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How much time should you spend on your mission and vision statements?



Writing a mission and vision statement for your startup is like picking out a name for your unborn child. It can be tempting to overthink. In this video, I talk about some pitfalls in the process and how to avoid getting stuck.


These statements are more or less permanent, and changing them is like changing your kid’s name — tedious, confusing and generally unrecommended.


First, a few words about the difference between your mission and your vision.


The mission of your company should be clear, easy-to-understand and should simply state what you do. A clear and strong mission motivates your team to move in alignment towards a common goal. At my previous organization, charity: water, the mission was “to bring clean water to every person on the planet.”


Your vision on the other hand, is a broader, more aspirational statement. It should capture the ‘why’ behind your mission and allude to your ‘secret sauce’ or how you plan to execute your mission. Once again I’ll use charity: water as an example: our vision is to “reinvent charity for our generation.”


So the way we’re fulfilling our mission (to bring clean water to people) is by reinventing how people view charity…by inspiring the masses, leading with innovation, technology and brand.


There are many organizations who have the exact same mission as we do, but the way they go about fulfilling it - their vision — is different. Some do it by engaging in the political landscape and lobbying governments. Others do it through private wealth and getting a small amount of people to write big checks. There’s no right way, but you’ve got to pick yours.


Here are some examples of other organizations and their mission and vision statements:


Tesla

Mission: To accelerate the world’s transition to sustainable energy.

Vision: To create the most compelling car company of the 21st century by driving the world’s transition to electric vehicles.


TED

Mission: To spread ideas.

Vision: We believe passionately in the power of ideas to change attitudes, lives and, ultimately, the world.


IKEA

Mission: To offer a wide range of well-designed, functional home furnishing products at prices so low that as many people as possible will be able to afford them.

Vision: To create a better everyday life for the many people.


If you’re in the process of creating your own mission and vision statements for your startup or nonprofit, here are a few words of advice:


1. Don’t drag it out and don’t decide by committee.


Since it’s an important decision, it can be scary to commit for some people. They end up either spinning their wheels for months instead of locking down these phrases, or even worse, involving 25 people in the process.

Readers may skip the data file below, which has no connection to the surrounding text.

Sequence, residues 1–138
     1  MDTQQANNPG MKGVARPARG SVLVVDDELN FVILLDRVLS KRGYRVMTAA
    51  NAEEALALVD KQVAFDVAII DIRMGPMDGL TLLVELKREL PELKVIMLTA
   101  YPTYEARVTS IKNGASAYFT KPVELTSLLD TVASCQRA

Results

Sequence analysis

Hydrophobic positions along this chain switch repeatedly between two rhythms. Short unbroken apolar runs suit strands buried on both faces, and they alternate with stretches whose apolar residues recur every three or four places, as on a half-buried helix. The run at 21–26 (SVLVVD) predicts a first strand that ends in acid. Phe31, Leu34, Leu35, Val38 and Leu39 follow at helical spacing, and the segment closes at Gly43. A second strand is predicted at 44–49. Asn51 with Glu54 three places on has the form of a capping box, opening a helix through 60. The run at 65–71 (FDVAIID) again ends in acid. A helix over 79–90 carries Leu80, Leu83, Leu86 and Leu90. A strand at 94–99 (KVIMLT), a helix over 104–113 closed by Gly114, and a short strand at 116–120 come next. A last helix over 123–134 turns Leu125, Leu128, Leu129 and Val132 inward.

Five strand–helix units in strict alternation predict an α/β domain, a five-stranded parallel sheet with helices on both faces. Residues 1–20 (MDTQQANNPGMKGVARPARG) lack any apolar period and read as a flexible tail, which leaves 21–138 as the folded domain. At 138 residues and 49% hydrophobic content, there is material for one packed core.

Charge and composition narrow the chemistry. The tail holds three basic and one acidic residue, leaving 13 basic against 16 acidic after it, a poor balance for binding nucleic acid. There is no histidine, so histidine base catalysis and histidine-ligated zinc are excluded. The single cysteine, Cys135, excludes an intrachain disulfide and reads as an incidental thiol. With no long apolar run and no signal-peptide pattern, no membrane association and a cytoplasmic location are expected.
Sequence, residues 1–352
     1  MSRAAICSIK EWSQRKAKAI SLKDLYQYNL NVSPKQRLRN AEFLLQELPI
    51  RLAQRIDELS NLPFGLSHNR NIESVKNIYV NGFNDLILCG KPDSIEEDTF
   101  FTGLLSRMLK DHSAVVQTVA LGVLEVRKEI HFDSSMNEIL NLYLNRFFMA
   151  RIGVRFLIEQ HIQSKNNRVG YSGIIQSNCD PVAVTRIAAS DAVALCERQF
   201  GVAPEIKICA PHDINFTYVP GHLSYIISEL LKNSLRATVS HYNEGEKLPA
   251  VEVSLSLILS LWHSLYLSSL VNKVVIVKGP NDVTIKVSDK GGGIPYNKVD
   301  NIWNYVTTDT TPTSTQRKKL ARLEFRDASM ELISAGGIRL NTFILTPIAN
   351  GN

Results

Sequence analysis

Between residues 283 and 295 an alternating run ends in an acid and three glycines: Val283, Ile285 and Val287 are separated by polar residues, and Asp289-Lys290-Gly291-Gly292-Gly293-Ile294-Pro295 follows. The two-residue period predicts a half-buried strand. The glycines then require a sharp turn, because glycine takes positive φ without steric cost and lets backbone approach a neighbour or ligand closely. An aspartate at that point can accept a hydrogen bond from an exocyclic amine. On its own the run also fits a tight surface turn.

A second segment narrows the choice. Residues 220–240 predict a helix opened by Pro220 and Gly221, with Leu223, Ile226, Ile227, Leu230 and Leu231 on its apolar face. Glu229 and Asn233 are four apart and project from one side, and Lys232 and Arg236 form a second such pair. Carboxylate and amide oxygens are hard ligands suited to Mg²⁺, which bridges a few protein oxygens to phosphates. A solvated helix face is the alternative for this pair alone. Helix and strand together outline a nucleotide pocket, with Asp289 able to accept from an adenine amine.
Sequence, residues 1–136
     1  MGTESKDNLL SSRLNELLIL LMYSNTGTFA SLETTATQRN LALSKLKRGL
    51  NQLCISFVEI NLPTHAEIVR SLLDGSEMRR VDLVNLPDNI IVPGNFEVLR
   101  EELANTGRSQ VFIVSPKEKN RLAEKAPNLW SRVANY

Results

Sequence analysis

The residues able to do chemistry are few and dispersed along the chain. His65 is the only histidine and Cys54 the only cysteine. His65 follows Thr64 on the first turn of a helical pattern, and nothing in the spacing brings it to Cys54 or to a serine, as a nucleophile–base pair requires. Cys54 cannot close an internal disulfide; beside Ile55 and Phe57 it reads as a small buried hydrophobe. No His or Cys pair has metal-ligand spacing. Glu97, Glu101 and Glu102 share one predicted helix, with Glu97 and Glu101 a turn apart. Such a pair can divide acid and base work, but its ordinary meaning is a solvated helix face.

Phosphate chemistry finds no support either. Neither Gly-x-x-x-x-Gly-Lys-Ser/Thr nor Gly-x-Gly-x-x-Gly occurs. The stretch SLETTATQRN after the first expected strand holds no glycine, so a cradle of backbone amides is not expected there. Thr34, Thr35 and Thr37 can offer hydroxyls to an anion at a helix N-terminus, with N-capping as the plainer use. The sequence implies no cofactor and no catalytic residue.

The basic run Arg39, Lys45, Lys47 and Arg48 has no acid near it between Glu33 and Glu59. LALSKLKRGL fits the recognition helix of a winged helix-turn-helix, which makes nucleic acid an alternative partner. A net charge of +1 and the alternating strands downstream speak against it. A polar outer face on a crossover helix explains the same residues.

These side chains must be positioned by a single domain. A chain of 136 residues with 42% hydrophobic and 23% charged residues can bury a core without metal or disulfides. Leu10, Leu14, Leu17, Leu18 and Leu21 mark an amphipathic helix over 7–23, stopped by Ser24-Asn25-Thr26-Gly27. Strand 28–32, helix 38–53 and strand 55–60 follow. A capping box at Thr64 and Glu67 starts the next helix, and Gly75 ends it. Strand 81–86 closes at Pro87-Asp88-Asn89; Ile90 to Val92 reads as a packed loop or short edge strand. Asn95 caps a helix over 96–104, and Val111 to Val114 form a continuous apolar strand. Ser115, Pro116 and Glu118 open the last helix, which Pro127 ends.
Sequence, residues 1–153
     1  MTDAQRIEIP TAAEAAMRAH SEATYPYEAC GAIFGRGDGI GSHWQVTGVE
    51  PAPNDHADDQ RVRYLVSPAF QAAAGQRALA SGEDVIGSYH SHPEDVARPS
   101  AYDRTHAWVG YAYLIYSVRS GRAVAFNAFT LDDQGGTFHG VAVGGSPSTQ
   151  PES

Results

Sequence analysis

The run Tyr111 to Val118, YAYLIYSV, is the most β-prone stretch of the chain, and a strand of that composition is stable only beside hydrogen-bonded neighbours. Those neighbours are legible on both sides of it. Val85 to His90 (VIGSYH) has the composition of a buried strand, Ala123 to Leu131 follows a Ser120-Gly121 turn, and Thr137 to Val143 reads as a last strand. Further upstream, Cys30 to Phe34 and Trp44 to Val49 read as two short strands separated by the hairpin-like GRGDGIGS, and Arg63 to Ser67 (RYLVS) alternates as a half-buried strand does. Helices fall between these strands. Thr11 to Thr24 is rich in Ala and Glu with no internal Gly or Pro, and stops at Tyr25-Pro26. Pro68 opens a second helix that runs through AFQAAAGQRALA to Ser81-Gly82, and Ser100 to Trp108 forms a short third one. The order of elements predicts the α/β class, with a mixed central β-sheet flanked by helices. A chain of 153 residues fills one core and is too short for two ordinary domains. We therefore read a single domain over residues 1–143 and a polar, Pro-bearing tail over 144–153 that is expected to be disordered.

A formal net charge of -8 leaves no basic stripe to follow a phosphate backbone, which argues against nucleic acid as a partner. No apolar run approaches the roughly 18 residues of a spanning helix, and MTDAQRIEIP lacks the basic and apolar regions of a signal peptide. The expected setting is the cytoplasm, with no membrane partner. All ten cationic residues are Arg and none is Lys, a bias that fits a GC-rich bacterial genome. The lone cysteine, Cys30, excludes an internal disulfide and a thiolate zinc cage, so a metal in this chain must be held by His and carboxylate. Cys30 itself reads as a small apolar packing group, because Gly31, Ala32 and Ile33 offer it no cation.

If you find yourself asking your entire staff, your mom, your attorney and your Starbucks barista for feedback, stop it. It’s not going to help you write a clear, compelling statement. Creating these by committee will likely throw you off track and make you second guess yourself too much.


2. Trust yourself. You already know this in your gut.


Starting a company is such a personal thing and the way you see your business existing in the world is very unique to you and your life experiences. Two people can start the exact same business but have dramatically different intentions. In turn, they will turn out two completely different companies just because of how they see the world. Classic example: Apple and Microsoft. So trust that you already know this because chances are, this idea has been brewing in your head for years and years.


3. The first thing that comes to mind is usually the right thing.


Since you’ve probably been ruminating on this idea for some time, you’ve already done a lot of thinking. The first few statements that come to mind tend to come out with the most clarity, simplicity and power. Second-guessing them and changing them based on every voice in your ear will usually make them worse.


4. Keep it simple and easy to understand.


Complexity is the enemy of execution. Keep these simple and they’ll be a lot easier to act on by your team and yourself when making daily decisions


5. It's not the most important thing.


As important as these statements are, what’s more important is how you execute on them every day through the products you put out into the world, the way you market and communicate and how you treat your customers.


So, to sum it up...


Trust your instincts, be careful about how many people you let into the process, remember that you probably already know the answers and don’t overthink it. Write them down and move on because the real work is in bringing your mission and vision to life through your brand every single day.


xo


-VH

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